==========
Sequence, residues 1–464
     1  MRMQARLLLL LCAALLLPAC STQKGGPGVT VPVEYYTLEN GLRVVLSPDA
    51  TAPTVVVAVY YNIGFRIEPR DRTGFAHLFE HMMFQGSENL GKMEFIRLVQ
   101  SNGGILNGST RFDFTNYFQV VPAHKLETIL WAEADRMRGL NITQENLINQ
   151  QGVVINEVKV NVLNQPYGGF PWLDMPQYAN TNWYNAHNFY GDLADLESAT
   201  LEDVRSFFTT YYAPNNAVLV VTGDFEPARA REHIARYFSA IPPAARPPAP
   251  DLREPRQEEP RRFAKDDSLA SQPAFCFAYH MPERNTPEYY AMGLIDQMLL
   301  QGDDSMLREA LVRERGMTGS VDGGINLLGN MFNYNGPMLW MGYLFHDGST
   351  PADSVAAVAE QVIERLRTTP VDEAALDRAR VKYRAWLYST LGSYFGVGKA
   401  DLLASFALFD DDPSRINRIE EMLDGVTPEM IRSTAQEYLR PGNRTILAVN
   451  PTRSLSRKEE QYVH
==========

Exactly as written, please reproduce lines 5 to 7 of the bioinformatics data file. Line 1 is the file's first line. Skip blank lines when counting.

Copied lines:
   151  QGVVINEVKV NVLNQPYGGF PWLDMPQYAN TNWYNAHNFY GDLADLESAT
   201  LEDVRSFFTT YYAPNNAVLV VTGDFEPARA REHIARYFSA IPPAARPPAP
   251  DLREPRQEEP RRFAKDDSLA SQPAFCFAYH MPERNTPEYY AMGLIDQMLL